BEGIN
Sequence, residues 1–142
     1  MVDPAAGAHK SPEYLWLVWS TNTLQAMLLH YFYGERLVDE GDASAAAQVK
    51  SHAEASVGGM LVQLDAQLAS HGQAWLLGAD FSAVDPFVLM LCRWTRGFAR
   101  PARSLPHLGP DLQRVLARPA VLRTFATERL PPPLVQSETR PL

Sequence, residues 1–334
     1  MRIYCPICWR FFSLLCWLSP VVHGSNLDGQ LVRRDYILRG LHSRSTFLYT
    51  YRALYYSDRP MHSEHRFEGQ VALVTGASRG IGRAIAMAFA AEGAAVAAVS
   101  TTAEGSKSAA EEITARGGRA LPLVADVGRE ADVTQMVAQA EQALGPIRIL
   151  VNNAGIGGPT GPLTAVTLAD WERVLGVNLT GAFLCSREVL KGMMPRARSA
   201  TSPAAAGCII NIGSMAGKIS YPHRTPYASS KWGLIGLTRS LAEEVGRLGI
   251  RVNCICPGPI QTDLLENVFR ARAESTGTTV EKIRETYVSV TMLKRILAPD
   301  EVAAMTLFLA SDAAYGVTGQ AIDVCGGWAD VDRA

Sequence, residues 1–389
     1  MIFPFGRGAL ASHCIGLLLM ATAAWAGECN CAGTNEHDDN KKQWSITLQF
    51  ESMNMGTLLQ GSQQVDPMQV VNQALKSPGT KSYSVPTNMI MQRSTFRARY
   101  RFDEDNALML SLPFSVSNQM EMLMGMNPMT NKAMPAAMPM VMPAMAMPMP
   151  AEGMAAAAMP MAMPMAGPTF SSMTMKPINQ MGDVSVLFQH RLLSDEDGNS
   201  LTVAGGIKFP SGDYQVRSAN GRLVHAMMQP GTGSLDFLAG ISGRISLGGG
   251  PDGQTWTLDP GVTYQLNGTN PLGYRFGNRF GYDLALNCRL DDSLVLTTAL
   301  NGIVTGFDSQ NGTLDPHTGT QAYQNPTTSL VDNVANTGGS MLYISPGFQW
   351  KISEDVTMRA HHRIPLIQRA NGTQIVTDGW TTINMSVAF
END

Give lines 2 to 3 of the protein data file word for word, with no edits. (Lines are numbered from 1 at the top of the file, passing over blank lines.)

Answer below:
     1  MVDPAAGAHK SPEYLWLVWS TNTLQAMLLH YFYGERLVDE GDASAAAQVK
    51  SHAEASVGGM LVQLDAQLAS HGQAWLLGAD FSAVDPFVLM LCRWTRGFAR